Mar 31, 2019
Philippians 4 – Peace
Series: Philippians

A few months ago a friend of mine was diagnosed with cancer. Following surgery he is now working out what follow-up treatment he is going to require. This week was his first visit with a new oncologist and he was naturally a little anxious about it. In a social media post he quoted an inspirational text from the bible, “Do not be anxious about anything, but in every situation, by prayer and petition, with thanksgiving, present your requests to God (Philippians 4:6).”

As inspirational as it is, as encouraging as it is, it also seems impossible. How is it that someone with cancer could not be anxious? How could someone with a brain tumour not be anxious? How could someone with a sick child in hospital not be anxious? How could a parent who’s child leaves home not be a little anxious? How could a student sitting an important exam not feel anxious? How is it that someone is supposed to be at peace in the middle of any and all situations?

In Paul’s letter to the Philippians he claims to have found the secret of true peace in all situations. Fortunately for us, he doesn't keep the secret to himself, but explains the basic elements required to achieve that peace. For thousands of years believers have wrestled with these elements, and following Paul's advice they have found that same incredible sense of peace in all situations.

Whatever your life story we would love for you to join us at 10am on Sunday as together we look at what Paul taught and attempt to find peace in all the crazy things we face. #wollongongsalvos #peace#cancer #philippians

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  • Mar 31, 2019Philippians 4 – Peace
    Mar 31, 2019
    Philippians 4 – Peace
    Series: Philippians

    A few months ago a friend of mine was diagnosed with cancer. Following surgery he is now working out what follow-up treatment he is going to require. This week was his first visit with a new oncologist and he was naturally a little anxious about it. In a social media post he quoted an inspirational text from the bible, “Do not be anxious about anything, but in every situation, by prayer and petition, with thanksgiving, present your requests to God (Philippians 4:6).”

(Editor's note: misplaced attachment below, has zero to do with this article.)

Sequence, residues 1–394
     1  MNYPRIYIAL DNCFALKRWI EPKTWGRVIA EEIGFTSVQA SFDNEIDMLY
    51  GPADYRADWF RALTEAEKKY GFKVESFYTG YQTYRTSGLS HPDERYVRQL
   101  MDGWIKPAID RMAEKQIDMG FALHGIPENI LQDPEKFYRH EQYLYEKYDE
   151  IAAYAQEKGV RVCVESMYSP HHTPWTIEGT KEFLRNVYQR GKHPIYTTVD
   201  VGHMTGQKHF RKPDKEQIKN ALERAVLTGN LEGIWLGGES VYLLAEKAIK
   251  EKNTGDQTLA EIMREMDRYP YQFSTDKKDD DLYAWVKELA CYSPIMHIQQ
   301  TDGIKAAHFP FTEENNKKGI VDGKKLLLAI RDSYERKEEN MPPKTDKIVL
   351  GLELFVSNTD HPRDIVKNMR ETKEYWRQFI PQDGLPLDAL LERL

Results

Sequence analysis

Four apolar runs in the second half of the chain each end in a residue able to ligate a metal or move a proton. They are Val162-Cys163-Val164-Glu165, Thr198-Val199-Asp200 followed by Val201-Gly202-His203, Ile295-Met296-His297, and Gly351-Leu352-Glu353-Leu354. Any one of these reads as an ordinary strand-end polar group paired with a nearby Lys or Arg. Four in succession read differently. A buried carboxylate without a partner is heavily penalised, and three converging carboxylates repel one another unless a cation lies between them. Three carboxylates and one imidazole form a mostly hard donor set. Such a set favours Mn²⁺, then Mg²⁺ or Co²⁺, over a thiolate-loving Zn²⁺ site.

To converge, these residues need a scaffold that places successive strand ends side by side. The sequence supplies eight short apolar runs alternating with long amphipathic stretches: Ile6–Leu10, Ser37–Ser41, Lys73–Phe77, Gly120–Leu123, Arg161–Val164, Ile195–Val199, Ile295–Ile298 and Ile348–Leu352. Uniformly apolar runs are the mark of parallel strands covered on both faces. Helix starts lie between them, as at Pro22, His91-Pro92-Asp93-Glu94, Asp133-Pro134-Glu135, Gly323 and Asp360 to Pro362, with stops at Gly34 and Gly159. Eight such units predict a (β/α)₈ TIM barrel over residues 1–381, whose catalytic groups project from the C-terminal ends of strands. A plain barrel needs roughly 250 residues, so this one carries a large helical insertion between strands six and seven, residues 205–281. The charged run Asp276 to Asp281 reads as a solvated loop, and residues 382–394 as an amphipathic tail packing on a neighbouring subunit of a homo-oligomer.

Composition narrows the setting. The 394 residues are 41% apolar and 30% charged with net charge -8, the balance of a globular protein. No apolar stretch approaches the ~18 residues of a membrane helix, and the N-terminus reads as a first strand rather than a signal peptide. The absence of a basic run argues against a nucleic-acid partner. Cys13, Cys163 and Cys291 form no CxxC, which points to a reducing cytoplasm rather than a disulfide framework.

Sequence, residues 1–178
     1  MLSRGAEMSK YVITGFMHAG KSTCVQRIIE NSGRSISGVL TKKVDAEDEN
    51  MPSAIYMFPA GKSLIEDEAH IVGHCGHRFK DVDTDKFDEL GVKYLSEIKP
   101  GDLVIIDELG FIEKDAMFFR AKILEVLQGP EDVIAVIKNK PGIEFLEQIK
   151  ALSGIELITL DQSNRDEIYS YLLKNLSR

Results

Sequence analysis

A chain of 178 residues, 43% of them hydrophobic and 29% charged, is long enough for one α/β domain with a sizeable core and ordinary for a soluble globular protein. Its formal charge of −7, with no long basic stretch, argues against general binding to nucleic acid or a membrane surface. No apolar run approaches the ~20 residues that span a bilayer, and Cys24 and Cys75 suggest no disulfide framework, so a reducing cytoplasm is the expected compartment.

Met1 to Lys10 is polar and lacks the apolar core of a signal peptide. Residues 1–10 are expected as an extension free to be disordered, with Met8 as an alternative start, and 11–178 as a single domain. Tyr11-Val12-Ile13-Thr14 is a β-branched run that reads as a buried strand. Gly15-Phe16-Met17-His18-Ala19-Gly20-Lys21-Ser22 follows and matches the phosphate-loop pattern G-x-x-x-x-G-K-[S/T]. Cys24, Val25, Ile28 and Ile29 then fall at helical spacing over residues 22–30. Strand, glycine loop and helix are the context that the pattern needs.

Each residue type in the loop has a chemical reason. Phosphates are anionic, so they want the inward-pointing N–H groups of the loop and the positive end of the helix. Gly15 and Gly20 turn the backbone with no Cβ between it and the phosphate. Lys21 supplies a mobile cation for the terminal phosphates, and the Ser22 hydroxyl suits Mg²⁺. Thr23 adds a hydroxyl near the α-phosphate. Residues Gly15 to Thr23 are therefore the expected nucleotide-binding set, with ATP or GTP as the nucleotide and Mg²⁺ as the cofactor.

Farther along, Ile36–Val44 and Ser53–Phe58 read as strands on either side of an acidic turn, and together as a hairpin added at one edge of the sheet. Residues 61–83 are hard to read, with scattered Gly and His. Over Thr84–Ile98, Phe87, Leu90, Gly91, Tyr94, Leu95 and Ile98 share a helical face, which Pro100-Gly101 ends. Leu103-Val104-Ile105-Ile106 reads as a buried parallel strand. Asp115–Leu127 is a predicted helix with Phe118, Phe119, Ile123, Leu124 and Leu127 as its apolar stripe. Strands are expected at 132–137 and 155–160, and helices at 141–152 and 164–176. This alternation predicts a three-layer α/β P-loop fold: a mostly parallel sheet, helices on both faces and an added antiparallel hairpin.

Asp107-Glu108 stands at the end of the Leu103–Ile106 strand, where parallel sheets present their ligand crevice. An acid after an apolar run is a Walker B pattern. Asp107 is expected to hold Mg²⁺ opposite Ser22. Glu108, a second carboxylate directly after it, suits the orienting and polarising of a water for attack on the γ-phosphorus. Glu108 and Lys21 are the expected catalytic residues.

As inspirational as it is, as encouraging as it is, it also seems impossible. How is it that someone with cancer could not be anxious? How could someone with a brain tumour not be anxious? How could someone with a sick child in hospital not be anxious? How could a parent who’s child leaves home not be a little anxious? How could a student sitting an important exam not feel anxious? How is it that someone is supposed to be at peace in the middle of any and all situations?

    In Paul’s letter to the Philippians he claims to have found the secret of true peace in all situations. Fortunately for us, he doesn't keep the secret to himself, but explains the basic elements required to achieve that peace. For thousands of years believers have wrestled with these elements, and following Paul's advice they have found that same incredible sense of peace in all situations.

    Whatever your life story we would love for you to join us at 10am on Sunday as together we look at what Paul taught and attempt to find peace in all the crazy things we face. #wollongongsalvos #peace#cancer #philippians

  • Mar 24, 2019Philippians 3 – Hope
    Mar 24, 2019
    Philippians 3 – Hope
    Series: Philippians

    We live in a credential-conscious society. Those with the right credentials can get into certain places, and do certain things, and those without credentials can not. Try to enter Vietnam without the appropriate travel credentials and you will very quickly discover that these particular credentials matter. Try to gain entrance into the Pentagon without the proper military credentials and see how quickly you are escorted from the premises. Try to get onto the sidelines of your favourite professional sporting match without the proper team or media credentials, and security will re-direct you very quickly. We might not like the hassle, or the barriers credentials create, but we accept the fact that they serve a purpose. Credentials keep the wrong people out and allow the right people in.

    No one would want to go to a doctor’s office and notice that they didn’t have any credentials posted on the wall. What if you asked your doctor, “May I see your credentials?” Only to hear the response, “Well, honestly, I never went to medical school. I didn’t want to waste my time or money. I don’t actually have a license to practice medicine.” What if they said, “Well I may not be an accredited doctor, but here’s my mechanical engineering degree?” Either way, I’m not sure you would let this person stand over you with a scalpel. Like it or not, credentials are essential, but they must be the right credentials.